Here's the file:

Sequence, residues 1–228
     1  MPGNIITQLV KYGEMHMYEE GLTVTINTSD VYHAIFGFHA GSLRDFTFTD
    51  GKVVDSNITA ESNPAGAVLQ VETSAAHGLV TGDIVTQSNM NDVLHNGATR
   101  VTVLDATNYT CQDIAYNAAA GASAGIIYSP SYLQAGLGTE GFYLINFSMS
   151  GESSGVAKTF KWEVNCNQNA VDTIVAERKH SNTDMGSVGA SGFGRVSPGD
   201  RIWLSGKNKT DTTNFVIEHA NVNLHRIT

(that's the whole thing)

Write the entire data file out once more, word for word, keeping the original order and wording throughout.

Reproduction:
Sequence, residues 1–228
     1  MPGNIITQLV KYGEMHMYEE GLTVTINTSD VYHAIFGFHA GSLRDFTFTD
    51  GKVVDSNITA ESNPAGAVLQ VETSAAHGLV TGDIVTQSNM NDVLHNGATR
   101  VTVLDATNYT CQDIAYNAAA GASAGIIYSP SYLQAGLGTE GFYLINFSMS
   151  GESSGVAKTF KWEVNCNQNA VDTIVAERKH SNTDMGSVGA SGFGRVSPGD
   201  RIWLSGKNKT DTTNFVIEHA NVNLHRIT